County learns more about Property Assessed Clean Energy plan
Published Jan. 30, 2020
CENTREVILLE — The St. Joseph County Board of Commissioners heard from Bali Kumar, chief executive officer of Lean and Green Michigan, an energy finance company, about their Property Assessed Clean Energy (PACE) financing program during the board’s Executive Committee meeting Wednesday.
The plan was briefly discussed during the board’s previous meeting on Jan. 21, where a resolution passed to explore creating a PACE district in St. Joseph County. During that meeting, commissioners asked to hear more about the program during their next Executive Committee meeting.
In a PowerPoint Presentation to the commissioners, Kumar said PACE financing is a long-term financing mechanism available to commercial and industrial property owners to make their buildings more energy efficient, as part of the Property Assessed Clean Energy Act of 2010 in Michigan. The program is currently servicing 43 local governments, 25 counties and 18 cities and townships, representing 71 percent of the population of Michigan. The program has helped finance 24 projects over the past several years.
Kumar said Lean and Green, the statewide administrator for PACE financing, is looking to create a PACE district in the county because there is a property owner in Fabius Township that is looking to build an assisted living and memory care facility, and wants to include PACE financing for their building.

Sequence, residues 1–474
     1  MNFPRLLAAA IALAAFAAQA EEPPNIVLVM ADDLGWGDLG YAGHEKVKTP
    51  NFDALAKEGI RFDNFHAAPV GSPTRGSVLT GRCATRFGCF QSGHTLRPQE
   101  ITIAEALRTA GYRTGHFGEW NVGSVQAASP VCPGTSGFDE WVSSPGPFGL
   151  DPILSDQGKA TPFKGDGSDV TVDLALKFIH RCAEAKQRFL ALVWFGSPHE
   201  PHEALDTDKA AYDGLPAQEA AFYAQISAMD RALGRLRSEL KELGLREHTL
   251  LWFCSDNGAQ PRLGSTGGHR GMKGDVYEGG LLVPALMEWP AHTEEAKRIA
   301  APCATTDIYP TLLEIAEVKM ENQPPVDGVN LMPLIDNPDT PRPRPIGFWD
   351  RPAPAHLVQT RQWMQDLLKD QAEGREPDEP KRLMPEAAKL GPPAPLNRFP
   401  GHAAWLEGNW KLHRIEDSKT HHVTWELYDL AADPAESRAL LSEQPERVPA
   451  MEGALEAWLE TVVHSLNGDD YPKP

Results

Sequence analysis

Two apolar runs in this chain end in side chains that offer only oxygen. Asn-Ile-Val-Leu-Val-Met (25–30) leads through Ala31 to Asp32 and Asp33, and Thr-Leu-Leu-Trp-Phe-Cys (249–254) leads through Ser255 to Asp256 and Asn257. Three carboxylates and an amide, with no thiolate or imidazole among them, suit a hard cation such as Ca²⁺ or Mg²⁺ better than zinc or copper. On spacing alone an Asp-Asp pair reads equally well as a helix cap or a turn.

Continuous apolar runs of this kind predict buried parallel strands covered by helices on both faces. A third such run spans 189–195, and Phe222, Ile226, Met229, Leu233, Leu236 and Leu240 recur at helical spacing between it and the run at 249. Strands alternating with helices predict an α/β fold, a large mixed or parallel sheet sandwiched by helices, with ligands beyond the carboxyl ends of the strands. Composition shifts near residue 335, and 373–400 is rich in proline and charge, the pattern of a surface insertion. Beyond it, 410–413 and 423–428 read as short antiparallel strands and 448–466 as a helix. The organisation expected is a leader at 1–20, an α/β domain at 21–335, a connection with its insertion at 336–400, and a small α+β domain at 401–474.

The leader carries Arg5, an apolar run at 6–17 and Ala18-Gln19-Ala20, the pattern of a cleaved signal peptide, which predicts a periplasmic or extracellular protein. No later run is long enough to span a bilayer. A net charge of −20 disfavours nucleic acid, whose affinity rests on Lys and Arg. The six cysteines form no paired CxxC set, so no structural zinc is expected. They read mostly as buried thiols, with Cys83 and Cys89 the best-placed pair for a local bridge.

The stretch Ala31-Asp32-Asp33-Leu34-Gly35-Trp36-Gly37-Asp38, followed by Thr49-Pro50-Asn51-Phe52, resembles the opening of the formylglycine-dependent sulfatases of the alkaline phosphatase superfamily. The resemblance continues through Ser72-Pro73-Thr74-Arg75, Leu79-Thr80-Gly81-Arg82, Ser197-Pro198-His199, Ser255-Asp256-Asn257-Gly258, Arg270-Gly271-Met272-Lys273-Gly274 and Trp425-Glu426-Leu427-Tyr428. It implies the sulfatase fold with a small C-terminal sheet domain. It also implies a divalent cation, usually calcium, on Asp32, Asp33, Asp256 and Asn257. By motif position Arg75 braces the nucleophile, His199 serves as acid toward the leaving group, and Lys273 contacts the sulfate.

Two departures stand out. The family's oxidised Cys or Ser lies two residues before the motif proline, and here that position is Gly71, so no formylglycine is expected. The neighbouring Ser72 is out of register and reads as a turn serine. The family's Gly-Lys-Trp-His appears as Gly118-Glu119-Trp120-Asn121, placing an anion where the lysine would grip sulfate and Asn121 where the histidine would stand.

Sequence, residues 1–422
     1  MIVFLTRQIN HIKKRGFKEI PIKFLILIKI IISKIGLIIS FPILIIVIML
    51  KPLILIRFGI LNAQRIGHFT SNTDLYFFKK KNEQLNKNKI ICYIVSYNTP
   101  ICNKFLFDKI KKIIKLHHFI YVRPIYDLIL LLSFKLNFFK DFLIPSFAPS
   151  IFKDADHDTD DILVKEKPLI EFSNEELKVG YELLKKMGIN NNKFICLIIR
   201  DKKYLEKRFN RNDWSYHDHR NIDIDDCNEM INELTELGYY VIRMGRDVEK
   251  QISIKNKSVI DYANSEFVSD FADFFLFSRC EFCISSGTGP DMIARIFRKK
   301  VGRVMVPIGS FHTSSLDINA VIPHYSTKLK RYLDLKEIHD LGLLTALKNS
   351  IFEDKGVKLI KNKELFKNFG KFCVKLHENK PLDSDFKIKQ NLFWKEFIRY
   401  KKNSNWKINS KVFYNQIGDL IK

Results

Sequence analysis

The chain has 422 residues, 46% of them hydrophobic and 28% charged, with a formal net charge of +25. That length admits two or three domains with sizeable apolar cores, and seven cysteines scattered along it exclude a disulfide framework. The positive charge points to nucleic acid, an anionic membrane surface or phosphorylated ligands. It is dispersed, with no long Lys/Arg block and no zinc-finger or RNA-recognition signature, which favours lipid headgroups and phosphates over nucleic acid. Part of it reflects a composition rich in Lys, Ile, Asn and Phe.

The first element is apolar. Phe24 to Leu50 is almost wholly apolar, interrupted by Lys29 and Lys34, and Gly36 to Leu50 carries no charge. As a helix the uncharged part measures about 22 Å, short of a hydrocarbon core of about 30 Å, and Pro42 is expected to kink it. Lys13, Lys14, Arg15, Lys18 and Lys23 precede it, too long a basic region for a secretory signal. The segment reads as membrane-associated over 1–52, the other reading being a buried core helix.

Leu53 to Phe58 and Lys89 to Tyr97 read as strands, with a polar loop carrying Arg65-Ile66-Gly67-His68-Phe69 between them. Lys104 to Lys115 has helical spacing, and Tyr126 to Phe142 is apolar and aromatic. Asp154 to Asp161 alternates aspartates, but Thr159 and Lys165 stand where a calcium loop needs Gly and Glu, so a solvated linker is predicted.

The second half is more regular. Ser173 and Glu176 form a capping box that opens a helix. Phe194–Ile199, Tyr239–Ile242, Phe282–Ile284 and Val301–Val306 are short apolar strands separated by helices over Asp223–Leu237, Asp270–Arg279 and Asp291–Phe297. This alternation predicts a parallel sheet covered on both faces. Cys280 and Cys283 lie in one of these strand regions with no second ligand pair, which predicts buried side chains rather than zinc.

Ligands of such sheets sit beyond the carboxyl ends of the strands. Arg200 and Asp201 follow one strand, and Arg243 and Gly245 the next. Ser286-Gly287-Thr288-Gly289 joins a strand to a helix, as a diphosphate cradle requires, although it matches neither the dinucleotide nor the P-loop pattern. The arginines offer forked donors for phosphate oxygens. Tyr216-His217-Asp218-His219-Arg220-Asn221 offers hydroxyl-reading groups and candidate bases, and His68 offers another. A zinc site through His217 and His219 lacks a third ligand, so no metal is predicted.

“The whole point of PACE is to allow people to access financing that’s cash flow-positive,” Kumar said. “I was looking at the energy audit the property owner got done for the project, and it looked like with about $1 million extra investment into the property, he’ll reap about $3 million in savings from energy savings, depreciation, finance savings and operations and maintenance savings.”
The types of properties that are eligible for PACE financing include commercial and industrial properties, such as hotels, hospitals and restaurants; multifamily housing; agricultural properties, such as wineries and farms; and nonprofits, such as houses of worship, private schools and cooperatives. Projects that would qualify for PACE financing include retrofits, “gut rehabs,” new construction and refinancing any of those projects. Qualifying upgrades for financing include energy efficiency upgrades, such as lighting, HVAC, windows and roofing; water efficiency upgrades, such as low-flow toilets and sinks; and renewables, such as solar and wind energy.
“The way we run our program is to be a free economic development tool for the local governments that we operate the program on behalf of,” Kumar said. “It’s an interesting backdoor into building sustainable buildings.”
Kumar also talked with commissioners about how the projects get financed—up to 25 years with no upfront costs—and how much they have worked with the property owner to make sure the project is eligible. Kumar also noted they encourage those constructing buildings to build not just to code, but above code.